Anyhow, out in the streets this week, I observed that folks were minding their business in the daily quest for survival. Take the case of this street vendor who was wielding a not-too-clean rag in one hand while brandishing a couple of plastic bottles of a pale liquid of indeterminate chemical composition and origin in the other at a traffic light at Adabraka.
He appeared determined to demonstrate the efficacy of his concoction in giving the interior of a car a great sheen. The moment we stop at the traffic light, this vendor thrusts his rag inside the cabin of our car and begins to scrub vigorously on the surface of the dashboard without our permission.
Eventually, the light goes green and we move, compelling the fellow to step back onto the kerb and by Jove, Jomo, the part of the dashboard which he gave a scrubbing does have quite a dashing sheen after all.
Wait a minute, though: You cannot tell what regular use of this liquid could do to surfaces. A greater worry is with the risks these overly aggressive street vendors are constantly taking with this form of advertising, at a time of ever worsening incidence of robbery and phone snatching.
If you go thrusting your paw into cars like this in some countries, someone could blow the skull clean off your neck with a sawn-off shotgun or some other ugly and deadly weapon but, hey, this is Africa!
On second thoughts, I daresay our tolerance for the invasion of our private spaces may be coming to an end too. The intruding hand of a vendor aggressively offering wares to the occupants of cars could soon be mistaken for that of a thief trying to snatch a bag or phone!
Let a frightened or ill-tempered motorist with nerves flayed from the chaos in traffic let out a yell of “julo”, and a hapless vendor could be as good as dead.
Let me tell you how desperate things are getting here: A former MP and top member of the National Democratic Congress was seated outside a fast food joint in her car at around 8.00 p.m. the other day, waiting to take away a food pack.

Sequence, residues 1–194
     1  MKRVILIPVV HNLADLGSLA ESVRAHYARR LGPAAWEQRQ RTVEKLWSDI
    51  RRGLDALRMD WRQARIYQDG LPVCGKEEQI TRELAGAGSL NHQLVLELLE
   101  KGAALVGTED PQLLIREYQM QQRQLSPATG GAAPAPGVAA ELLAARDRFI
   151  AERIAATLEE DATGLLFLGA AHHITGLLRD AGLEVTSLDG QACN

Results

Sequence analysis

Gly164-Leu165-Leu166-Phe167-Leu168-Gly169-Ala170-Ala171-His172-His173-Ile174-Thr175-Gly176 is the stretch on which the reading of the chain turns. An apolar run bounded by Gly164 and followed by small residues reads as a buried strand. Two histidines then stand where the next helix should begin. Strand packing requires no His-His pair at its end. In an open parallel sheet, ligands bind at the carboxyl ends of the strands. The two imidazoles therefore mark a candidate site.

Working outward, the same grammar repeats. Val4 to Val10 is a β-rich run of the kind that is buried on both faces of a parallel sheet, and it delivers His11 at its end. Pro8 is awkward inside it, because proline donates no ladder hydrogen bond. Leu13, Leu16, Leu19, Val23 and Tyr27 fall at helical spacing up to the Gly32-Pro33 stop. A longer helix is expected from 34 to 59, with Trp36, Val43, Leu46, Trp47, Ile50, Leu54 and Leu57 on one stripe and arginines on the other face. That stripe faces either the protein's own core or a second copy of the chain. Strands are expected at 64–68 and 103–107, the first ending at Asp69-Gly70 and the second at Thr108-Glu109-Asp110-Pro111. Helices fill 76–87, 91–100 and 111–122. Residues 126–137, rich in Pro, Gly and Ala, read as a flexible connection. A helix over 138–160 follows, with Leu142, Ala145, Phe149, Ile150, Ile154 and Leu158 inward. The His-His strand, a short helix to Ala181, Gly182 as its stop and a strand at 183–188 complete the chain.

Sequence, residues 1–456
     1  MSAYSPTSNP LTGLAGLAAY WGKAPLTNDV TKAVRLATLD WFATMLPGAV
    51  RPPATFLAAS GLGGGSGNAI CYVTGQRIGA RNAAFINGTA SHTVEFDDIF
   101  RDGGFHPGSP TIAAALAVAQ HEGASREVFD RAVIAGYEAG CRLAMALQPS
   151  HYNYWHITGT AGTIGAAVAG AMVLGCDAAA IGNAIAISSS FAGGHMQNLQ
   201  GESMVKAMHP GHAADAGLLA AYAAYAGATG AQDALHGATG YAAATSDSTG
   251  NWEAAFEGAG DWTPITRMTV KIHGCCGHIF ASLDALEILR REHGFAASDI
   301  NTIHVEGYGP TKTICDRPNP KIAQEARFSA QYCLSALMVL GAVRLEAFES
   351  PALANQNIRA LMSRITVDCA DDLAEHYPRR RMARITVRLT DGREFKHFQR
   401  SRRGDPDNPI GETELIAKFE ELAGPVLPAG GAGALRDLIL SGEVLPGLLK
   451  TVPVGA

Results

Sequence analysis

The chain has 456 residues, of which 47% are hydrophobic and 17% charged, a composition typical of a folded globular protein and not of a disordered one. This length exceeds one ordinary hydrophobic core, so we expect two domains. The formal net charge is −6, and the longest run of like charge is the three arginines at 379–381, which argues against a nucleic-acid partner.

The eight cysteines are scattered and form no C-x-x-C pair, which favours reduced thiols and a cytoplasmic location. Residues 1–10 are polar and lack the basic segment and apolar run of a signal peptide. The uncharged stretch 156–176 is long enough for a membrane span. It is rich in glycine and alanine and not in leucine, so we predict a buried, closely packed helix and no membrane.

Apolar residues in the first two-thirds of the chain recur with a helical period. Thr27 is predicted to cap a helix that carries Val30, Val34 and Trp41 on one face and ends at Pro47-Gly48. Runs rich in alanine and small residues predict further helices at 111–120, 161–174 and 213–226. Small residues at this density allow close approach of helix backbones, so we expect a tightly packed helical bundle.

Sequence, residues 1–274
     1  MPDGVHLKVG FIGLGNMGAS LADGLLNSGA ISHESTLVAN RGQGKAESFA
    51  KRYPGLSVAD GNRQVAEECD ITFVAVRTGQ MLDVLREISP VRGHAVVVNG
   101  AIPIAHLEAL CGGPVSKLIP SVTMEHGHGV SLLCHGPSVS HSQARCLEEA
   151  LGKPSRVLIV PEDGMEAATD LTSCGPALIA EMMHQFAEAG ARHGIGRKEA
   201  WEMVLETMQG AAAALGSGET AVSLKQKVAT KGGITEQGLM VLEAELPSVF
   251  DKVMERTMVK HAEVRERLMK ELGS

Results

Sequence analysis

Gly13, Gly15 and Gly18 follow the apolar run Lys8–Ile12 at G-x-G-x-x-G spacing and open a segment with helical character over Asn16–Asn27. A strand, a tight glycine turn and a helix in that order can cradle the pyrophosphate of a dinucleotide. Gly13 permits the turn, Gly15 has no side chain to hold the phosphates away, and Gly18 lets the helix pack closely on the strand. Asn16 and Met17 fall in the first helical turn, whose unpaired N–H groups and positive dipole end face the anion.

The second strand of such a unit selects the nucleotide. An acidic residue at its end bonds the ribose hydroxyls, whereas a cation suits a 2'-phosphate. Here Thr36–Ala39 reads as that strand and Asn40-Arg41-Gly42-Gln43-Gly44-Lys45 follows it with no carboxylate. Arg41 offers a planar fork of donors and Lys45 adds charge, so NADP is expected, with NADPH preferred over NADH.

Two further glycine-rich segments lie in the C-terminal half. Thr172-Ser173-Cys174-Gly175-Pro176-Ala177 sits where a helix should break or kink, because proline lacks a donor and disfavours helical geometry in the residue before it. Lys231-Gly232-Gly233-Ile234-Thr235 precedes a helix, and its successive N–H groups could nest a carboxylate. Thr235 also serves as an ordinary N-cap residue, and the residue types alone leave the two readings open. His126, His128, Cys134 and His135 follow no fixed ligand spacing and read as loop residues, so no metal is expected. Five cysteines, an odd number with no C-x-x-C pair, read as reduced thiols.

A gunman simply walked up to her, pointed a heavy and ugly-looking handgun at her head, demanded her cell-phone and began to remove jewelry from around her neck and arms! She insisted on removing them herself and handing them to the gunman. The bandit obliged.
The gunman then ordered all staff of the joint to lie face down. He then helped himself to mobile phones and all the cash in the sales drawers and strolled out through a security gate as casually as you please, without the security men on duty outside the gate so much as throwing a glance in his direction. Ask the NDC's Hannah Tetteh!
I have waited in vain for some time to read what should have been a front page lead story in the papers. Stories never go looking for journalists!
Total national absorption and pre-occupation with the coming elections could impact even more dangerously on the already frightening internal security situation but especially between now and end of December.
Feature By George Sydney Abugri
Email: [email protected] Website: www.sydneyabugri.com